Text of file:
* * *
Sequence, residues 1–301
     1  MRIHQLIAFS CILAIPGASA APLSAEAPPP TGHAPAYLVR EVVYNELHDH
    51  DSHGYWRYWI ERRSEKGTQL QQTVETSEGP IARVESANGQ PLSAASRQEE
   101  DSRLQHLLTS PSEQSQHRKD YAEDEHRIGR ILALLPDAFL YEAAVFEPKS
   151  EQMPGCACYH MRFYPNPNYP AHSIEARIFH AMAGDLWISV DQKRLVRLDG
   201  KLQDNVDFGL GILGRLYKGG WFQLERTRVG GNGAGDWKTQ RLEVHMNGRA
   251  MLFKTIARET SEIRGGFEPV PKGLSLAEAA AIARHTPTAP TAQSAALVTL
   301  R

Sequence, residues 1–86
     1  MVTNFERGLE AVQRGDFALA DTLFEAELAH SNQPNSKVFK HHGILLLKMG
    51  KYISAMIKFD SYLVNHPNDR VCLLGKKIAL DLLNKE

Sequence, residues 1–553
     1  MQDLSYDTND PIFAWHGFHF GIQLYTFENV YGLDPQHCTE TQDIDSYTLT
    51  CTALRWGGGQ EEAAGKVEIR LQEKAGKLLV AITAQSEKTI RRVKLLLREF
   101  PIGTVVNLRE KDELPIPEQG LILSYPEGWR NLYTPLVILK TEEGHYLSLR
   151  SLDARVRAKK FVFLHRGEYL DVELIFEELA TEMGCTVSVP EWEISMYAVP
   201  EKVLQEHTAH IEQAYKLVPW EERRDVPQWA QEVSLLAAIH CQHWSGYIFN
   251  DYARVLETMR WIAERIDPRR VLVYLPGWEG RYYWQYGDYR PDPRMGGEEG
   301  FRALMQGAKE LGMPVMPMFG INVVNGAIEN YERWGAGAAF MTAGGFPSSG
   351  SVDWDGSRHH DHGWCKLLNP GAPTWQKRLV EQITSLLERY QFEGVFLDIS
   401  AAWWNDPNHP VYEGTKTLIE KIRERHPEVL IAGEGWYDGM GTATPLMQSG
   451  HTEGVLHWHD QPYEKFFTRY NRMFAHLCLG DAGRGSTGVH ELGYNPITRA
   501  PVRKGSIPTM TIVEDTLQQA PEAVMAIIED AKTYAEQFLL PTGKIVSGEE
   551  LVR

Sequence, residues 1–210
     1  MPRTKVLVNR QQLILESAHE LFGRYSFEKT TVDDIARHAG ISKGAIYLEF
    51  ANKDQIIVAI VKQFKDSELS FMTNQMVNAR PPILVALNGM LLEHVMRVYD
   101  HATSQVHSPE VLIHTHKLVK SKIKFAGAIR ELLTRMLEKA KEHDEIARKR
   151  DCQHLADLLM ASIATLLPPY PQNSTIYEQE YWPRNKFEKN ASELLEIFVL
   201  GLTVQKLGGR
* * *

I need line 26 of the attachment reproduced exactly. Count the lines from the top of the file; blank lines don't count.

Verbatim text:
     1  MPRTKVLVNR QQLILESAHE LFGRYSFEKT TVDDIARHAG ISKGAIYLEF